The institution and its treasured archives were consumed by flames in July after a runaway tanker train derailed, exploded and destroyed part of the Quebec town, killing 47 people.
Lac-Megantic's only library lost a one-of-a-kind trove, which included original local artwork, heirlooms donated by families, the oldest-known photos of the town and the negatives.
The blaze also swallowed nearly all of the library's 45,000 books, sparing just the 1,000 or so titles out on loan at the time.
The only item recovered from the ashes was the library's petty-cash box.
But thanks to a cascade of donations from across Canada, the United States and even Europe, the library's 2,500 members could see the doors open at a new location, in another part of town, as early as this spring.
The rebuilding project is a key part of the recovery process in the community of 6,000 that is still struggling to cope with a disaster, said the library's chairperson.
Diane Roy added that as the derailment obliterated part of the downtown core, many popular gathering spots like the library disappeared with it.
"Through the summer, there was no library — there was nothing in Lac-Megantic," Roy said in an interview at the new site, as a team of volunteers assembled shelves and labelled books.
"They hope that it will open soon, as soon as possible. Every day, they ask us when."
A project to move the library to a larger building outside the downtown area started around six years ago. The board was planning to gradually move the 22-year-old institution to an old factory.
But except for the new building, the library had to restart from scratch when disaster struck on July 6.
Support, however, for the library's revival flooded in — so much so that workers became overwhelmed.
Two months after the crash, the library issued a news release to say it was deeply touched by the outpouring of generosity, but asked the public to stop sending books.
"It's now time to evaluate them, classify them, process them and make them accessible for the population," said the September statement.
"It will be a colossal job."
At the time, the library said it had received more than 100,000 books, with most coming from donors across Quebec and eastern Ontario.
Today, the library's directors estimate they've taken in some 200,000 documents, including books, comics and CDs. They stored 37 pallets worth of donated goods in one warehouse alone, Roy said.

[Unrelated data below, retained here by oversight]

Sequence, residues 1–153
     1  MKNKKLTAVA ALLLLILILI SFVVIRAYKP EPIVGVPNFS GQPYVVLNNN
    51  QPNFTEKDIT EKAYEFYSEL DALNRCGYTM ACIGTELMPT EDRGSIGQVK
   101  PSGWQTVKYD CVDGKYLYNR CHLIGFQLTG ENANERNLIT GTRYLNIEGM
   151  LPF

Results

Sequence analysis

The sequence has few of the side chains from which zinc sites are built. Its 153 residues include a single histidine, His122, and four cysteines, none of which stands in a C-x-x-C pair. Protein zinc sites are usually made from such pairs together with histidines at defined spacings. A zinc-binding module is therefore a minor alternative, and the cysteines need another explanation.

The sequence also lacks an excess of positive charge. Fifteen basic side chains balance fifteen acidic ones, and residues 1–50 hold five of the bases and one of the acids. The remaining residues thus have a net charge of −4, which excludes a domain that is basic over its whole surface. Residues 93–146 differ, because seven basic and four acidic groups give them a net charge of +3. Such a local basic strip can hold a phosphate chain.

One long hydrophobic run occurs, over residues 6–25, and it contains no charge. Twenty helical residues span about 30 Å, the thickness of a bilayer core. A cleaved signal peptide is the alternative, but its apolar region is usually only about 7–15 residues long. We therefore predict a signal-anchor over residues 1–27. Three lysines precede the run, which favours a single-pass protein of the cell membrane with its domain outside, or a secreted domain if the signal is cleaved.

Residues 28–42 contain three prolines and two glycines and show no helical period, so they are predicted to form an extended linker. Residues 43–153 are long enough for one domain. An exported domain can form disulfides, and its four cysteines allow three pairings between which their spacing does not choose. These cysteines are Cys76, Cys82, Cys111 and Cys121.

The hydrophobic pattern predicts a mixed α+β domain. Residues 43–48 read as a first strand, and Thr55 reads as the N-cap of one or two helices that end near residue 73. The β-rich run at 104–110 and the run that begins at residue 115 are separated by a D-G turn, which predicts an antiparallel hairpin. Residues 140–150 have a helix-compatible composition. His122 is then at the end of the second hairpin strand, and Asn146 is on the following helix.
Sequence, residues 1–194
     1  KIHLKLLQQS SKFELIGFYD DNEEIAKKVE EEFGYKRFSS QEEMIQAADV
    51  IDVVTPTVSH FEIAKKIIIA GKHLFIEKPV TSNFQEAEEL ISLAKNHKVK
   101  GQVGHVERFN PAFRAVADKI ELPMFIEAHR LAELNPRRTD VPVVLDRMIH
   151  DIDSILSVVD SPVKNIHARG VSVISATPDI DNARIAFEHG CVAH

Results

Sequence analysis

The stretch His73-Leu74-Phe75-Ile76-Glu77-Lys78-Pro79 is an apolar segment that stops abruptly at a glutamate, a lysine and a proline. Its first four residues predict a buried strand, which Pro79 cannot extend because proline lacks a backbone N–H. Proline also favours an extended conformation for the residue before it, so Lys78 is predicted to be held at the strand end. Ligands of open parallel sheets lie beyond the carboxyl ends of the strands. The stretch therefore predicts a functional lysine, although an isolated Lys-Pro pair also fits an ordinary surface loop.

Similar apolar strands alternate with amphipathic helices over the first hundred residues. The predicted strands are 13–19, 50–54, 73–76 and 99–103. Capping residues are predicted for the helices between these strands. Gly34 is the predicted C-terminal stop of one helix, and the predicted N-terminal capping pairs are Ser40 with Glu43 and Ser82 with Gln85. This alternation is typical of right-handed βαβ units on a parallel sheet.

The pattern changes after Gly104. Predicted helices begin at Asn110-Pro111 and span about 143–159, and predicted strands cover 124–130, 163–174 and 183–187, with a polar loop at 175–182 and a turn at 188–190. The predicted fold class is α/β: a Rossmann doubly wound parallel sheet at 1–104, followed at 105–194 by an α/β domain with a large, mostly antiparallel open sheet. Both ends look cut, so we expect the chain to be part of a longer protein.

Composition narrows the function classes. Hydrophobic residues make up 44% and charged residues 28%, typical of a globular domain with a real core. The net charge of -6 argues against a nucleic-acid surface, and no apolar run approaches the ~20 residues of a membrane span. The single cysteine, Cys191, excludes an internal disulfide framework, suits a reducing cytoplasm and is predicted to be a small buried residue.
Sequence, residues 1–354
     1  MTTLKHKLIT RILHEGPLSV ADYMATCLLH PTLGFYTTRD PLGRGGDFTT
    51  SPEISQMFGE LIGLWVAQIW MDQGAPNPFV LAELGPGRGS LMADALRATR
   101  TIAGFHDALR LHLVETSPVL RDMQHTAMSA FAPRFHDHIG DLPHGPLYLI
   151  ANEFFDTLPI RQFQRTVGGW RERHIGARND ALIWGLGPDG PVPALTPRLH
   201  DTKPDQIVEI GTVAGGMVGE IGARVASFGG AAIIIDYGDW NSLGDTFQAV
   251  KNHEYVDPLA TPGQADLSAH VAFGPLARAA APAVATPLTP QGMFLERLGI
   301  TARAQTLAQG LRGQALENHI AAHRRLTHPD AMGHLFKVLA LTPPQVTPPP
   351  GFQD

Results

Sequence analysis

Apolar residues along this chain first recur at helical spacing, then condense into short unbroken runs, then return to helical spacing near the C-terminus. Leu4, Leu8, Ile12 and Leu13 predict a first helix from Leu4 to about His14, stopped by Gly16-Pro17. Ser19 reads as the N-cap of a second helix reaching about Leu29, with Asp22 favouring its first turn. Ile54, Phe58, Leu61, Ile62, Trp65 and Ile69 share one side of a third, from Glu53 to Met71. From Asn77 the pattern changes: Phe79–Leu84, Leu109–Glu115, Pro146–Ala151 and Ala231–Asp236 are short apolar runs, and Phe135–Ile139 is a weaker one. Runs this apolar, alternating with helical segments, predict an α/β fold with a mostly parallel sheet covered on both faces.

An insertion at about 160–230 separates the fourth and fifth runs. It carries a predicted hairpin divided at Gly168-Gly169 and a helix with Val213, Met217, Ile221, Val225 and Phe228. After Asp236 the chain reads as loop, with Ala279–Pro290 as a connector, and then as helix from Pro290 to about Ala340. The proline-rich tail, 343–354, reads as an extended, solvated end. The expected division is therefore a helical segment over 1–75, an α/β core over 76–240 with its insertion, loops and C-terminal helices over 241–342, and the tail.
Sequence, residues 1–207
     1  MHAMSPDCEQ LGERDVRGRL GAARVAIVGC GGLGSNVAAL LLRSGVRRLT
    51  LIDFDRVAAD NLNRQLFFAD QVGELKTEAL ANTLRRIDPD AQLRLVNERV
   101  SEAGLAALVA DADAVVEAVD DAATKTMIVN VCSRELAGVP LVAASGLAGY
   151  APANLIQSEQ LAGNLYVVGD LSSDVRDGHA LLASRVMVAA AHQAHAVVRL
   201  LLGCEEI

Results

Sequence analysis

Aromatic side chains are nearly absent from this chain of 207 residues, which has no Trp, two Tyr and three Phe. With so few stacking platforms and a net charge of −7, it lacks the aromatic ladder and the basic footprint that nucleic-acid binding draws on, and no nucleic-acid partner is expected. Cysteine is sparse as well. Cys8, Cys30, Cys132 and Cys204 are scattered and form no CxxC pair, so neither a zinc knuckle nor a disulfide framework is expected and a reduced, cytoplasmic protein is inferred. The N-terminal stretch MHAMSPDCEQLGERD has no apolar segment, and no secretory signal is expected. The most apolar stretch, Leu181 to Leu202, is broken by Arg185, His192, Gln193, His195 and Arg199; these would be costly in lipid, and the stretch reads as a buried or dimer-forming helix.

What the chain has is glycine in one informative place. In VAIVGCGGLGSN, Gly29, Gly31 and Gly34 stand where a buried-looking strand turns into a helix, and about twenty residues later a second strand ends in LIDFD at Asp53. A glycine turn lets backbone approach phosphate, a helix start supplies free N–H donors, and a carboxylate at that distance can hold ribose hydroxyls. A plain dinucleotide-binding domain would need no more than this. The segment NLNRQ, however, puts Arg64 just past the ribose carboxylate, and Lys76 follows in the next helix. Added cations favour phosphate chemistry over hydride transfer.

The library expects to keep up to 15 per cent — or 30,000 — of the donated items and it has already sold many of the extra volumes, an initiative that raised $16,000.
Supporters, meanwhile, in places like British Columbia, Maine, Pennsylvania, France and Germany held fundraisers and sent cash gifts totalling $90,000.
Those contributions include a $5,000 cheque sent to the library by a Halifax woman shortly after the accident and $47,000 from the Quebec branch of the Lions Club.
Roy also hopes to build another archives with the help of new donations she says the library has been promised from the owners of private collections.
The library reconstruction team is mulling plans to display the only item recovered from the old Frontenac Street building: the mangled, oil-soaked petty-cash box.
The librarian recalled the day the box was returned to him. Daniel Lavoie said police brought him to the site of the old building a few weeks after the crash.
"There was nothing left," Lavoie said.
"All that remained were the two columns that had supported the building and the petty-cash box."
Inside the dented metal box, he found about $500 in rolls of coins and oily bills.
"It's a relic," Lavoie added.
The reopening date has yet to be determined, but one board member said he has a personal goal of seeing it happen on April 6.
"That will be nine months since (the disaster) happened," Jacques Dostie said.
"So, that will be the rebirth of the library."
The project has even helped some of those involved deal with the pain of losing a loved one.
The library's treasurer, whose brother was killed in the disaster, said staying busy has helped him get through the grieving process.
"It's a good moment to work with our friends," Pierre Paquet said.
"We need that."